We are listening to the medical professionals and trusting the proven treatment protocols. But, what else are we doing? I have been researching cancer. Why do some people get cancer and some don't? We may never truly know. But, it sure seems to me that cancer is likely preventable. The doctors won't tell you that. They only want to fix you. The first round of chemo was over $18K. Multiply that by 8. Supposedly, the surgery will be over $100K. You should see the bills. I've only heard about what a big business cancer is. Now I see it firsthand. I won't get into my conspiracy theories as Dan says I sound crazy, however, think about it.
I've switched completely over to all organic food. We aren't eating dairy. No GMO's. No sugar. I bought a juicer. We are utilizing approved supplements during treatment. I went off the deep end and threw out most of my plastic in the kitchen. I'm learning to cook all over again so the food tastes good. I'm not there yet, that is for sure. If you've had the opportunity to speak with Dan, he'll let you know my cooking stinks. Our arguments seem to all be food/beverage related. I'm considering installing a water filtration system for our entire home and even throwing out the microwave for a convection oven. I know probably overkill. But if it gives me peace of mind, it will be worth doing. Thank you Jackie for holding my hand and helping me learn more about holistic medicine.
Dan and work: Dan works for 3M. What a wonderful company and people. They have truly been a blessing and have been supportive and accommodating. They have allowed Dan the flexibility to work from home. For now, all his work travel has been cancelled. Dan assures me he is not under stress, as this is something we are monitoring. Dan loves his work and the people. Dan tries to go into the office when he can. I certainly know he wants to. However, that tumor needs to shrink so things work better down there. Work does help keep his mind off this cancer.
We told the boys Easter weekend. I think they took it well. I know they took it better than Dan and I did. They were more concerned about how this was going to affect them. For example, am I going to get the cancer? What about money? Dave came home a few days ago and Drew will be home next week for summer. Both are working full-time jobs 8-5.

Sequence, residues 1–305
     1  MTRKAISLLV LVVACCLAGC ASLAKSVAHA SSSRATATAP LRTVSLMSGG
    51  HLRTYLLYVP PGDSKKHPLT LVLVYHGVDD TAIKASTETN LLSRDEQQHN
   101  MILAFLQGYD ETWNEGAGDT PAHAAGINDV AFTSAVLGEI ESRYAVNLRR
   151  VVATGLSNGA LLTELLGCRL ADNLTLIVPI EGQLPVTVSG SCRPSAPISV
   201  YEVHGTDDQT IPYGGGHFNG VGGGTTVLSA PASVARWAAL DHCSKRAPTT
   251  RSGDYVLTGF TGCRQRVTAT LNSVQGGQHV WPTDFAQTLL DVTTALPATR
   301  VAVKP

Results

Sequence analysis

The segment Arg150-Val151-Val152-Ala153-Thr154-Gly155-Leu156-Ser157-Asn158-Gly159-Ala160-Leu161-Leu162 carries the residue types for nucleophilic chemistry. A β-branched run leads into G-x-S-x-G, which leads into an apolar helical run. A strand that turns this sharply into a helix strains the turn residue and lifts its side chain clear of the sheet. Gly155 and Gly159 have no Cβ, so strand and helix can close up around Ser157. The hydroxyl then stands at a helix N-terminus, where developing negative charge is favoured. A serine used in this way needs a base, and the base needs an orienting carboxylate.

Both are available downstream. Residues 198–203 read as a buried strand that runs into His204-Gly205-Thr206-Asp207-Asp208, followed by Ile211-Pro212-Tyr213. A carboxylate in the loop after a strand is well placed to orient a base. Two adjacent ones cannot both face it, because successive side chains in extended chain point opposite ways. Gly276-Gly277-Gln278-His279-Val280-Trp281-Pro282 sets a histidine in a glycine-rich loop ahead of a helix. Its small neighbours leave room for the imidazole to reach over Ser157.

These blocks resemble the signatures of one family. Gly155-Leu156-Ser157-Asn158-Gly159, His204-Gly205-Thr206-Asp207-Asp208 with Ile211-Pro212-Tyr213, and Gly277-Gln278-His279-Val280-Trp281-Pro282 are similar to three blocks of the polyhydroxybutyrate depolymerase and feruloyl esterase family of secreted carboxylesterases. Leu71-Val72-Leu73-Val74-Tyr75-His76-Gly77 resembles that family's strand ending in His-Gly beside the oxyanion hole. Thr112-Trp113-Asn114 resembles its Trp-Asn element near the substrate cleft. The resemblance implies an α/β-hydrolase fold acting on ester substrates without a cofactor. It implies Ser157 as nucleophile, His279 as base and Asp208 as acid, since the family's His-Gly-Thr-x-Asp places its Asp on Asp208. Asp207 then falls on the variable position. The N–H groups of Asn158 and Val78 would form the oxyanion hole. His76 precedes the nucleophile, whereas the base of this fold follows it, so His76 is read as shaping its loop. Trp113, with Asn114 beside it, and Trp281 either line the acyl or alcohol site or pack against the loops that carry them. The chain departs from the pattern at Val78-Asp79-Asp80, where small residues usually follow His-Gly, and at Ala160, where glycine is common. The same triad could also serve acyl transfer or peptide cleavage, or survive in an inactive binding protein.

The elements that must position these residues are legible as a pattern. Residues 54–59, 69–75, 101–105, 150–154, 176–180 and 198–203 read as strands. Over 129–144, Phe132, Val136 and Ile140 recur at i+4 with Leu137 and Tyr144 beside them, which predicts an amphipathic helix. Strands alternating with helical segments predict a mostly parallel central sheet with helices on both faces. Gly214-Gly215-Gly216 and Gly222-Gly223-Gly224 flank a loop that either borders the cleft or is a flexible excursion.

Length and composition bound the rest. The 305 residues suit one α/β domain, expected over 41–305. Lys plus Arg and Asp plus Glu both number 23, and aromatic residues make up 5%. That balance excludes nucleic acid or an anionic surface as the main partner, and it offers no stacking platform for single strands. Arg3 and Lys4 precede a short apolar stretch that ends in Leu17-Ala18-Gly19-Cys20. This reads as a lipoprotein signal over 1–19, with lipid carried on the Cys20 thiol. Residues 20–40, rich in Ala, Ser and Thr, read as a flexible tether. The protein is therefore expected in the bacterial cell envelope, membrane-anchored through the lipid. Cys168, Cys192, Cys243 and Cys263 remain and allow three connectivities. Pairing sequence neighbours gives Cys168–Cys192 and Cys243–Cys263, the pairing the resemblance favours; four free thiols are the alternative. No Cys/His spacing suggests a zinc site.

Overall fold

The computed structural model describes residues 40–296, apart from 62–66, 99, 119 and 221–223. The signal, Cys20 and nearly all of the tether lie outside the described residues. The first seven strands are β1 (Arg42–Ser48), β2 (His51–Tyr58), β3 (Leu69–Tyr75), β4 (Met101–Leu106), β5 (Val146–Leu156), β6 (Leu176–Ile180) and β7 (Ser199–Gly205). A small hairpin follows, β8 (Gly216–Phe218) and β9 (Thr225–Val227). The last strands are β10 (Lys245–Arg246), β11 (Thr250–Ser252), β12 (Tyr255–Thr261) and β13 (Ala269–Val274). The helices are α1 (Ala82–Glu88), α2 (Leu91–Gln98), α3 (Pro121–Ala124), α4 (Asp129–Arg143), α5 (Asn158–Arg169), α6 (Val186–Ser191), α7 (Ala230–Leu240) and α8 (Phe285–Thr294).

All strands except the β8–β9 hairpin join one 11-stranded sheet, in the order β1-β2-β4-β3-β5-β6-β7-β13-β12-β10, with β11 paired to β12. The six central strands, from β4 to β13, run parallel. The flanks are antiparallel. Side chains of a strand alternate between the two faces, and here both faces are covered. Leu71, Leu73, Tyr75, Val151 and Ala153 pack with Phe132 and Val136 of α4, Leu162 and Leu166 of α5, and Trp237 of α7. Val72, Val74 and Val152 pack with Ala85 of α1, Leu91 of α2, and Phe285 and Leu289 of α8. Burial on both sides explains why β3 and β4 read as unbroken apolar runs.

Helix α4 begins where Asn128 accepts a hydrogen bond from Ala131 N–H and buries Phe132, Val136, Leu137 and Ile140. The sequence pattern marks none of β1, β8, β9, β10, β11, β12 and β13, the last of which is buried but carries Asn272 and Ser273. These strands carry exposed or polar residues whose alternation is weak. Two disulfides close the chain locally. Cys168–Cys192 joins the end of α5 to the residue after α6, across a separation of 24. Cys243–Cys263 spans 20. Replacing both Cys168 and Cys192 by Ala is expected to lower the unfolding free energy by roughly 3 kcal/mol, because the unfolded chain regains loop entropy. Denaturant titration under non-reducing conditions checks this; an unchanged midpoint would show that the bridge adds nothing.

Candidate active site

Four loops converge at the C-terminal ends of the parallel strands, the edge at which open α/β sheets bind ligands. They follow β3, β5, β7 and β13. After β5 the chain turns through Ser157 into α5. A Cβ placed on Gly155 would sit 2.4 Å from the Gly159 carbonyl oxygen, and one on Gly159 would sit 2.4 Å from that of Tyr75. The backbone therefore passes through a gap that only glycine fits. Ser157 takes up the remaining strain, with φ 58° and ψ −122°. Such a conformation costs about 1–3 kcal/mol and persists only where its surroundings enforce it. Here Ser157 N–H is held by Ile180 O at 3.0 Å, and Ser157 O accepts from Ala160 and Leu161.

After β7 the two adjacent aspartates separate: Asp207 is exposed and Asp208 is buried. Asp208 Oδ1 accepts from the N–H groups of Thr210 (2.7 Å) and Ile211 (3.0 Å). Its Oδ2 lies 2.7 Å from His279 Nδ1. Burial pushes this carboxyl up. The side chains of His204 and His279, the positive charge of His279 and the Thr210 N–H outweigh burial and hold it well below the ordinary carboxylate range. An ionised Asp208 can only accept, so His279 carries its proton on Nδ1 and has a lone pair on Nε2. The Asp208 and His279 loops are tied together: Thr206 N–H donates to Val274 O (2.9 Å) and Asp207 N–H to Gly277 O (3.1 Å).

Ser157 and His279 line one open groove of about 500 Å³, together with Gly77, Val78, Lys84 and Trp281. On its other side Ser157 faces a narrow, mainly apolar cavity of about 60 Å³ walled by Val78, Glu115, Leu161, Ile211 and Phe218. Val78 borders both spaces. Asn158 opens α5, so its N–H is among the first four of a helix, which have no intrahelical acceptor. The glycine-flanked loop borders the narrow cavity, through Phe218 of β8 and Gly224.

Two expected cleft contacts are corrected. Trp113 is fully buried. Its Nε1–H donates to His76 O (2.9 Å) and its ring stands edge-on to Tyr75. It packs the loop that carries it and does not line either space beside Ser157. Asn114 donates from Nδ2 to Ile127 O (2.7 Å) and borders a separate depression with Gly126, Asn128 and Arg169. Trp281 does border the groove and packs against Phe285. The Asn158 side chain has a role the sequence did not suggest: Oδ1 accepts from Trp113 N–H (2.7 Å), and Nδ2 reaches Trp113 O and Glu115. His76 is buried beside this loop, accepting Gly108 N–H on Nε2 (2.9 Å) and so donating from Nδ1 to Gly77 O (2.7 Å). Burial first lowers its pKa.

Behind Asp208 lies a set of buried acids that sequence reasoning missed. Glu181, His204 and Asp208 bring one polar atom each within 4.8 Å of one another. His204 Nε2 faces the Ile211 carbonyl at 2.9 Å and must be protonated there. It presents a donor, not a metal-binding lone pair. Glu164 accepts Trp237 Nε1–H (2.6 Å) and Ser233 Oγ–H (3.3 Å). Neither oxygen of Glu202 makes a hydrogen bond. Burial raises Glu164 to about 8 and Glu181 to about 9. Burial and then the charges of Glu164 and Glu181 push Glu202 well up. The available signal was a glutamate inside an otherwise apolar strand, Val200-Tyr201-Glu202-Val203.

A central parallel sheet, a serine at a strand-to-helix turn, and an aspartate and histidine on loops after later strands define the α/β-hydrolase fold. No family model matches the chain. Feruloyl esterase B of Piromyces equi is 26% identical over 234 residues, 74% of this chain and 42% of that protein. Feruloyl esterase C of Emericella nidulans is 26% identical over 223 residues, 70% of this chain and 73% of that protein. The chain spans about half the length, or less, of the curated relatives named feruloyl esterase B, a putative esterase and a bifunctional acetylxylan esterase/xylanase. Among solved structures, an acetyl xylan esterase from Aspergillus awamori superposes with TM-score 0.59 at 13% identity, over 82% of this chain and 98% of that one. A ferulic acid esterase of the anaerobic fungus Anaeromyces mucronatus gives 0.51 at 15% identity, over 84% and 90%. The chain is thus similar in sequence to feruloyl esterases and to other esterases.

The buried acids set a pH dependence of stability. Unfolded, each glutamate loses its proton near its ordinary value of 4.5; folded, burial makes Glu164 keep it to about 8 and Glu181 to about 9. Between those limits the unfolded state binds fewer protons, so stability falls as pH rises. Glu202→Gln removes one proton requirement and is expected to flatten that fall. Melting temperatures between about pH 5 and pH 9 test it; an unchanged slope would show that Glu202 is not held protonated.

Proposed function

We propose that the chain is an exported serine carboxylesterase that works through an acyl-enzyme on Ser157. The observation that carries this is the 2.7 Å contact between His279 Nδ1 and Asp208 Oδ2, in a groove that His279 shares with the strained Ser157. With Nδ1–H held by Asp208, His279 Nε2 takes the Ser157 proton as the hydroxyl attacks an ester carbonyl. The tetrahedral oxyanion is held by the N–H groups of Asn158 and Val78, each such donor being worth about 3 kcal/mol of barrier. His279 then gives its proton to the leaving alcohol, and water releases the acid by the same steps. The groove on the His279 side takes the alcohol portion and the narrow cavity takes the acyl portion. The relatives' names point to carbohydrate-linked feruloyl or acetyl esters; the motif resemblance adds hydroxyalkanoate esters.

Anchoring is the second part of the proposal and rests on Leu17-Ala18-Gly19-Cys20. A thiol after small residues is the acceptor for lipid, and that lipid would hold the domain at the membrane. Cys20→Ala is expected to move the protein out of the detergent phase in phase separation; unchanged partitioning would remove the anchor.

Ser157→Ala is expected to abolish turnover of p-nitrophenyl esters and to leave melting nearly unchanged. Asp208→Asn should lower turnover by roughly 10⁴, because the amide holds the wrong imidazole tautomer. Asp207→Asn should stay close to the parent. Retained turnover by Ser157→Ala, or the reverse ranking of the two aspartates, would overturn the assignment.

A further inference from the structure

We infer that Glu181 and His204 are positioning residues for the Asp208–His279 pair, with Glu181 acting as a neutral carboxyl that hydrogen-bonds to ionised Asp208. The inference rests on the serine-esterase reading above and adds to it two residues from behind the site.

How is Dan feeling? That is the question that gets asked the most. He has cancer and is sick. He is miserable more than he is comfortable. If you see him, you might not even realize he has this disease. He is strong when he goes out and puts on a brave face. We never know if it's going to be a good or bad day. In fact, we have good and bad moments. Sleep has been one of our biggest challenges. Neither of us has been sleeping well. We focus on this every day since a good night sleep makes a world of difference. The side effects of chemo kicked in right away. He tires easily. He is nauseous. We never know if he is going to be constipated or have diarrhea. Food has no flavor or tastes like metal. He is clearly frustrated and upset that he can't exercise twice daily. He is trying his best to get the gym when he can. I'm not going to lie. This is difficult. This is the hardest thing we've ever had to face. We are hopeful that the tumor will begin to shrink, once that happens I know Dan will get some appreciated relief and he will begin to feel better. I also want to thank Amy for being readily available to speak with Dan and me about your personal experience with this same exact cancer.
Dan has appreciated all the kind words, texts, emails, cards, prayers, etc. This stuff cheers him up and means a lot. We are blessed to be surrounded by so many loving and caring family and friends. We wish we could have taken the time to personally call and speak with each of you. We are still overwhelmed and sleep is a precious commodity. At our second chemo teach class, we expressed our concern about not communicating effectively with family and friends. The doctor suggested this website. I hope this will help us stay connected with each of you. We appreciate and want to hear from you.
In the end.....we have given this up to God. We've always put God first and we will continue to have faith.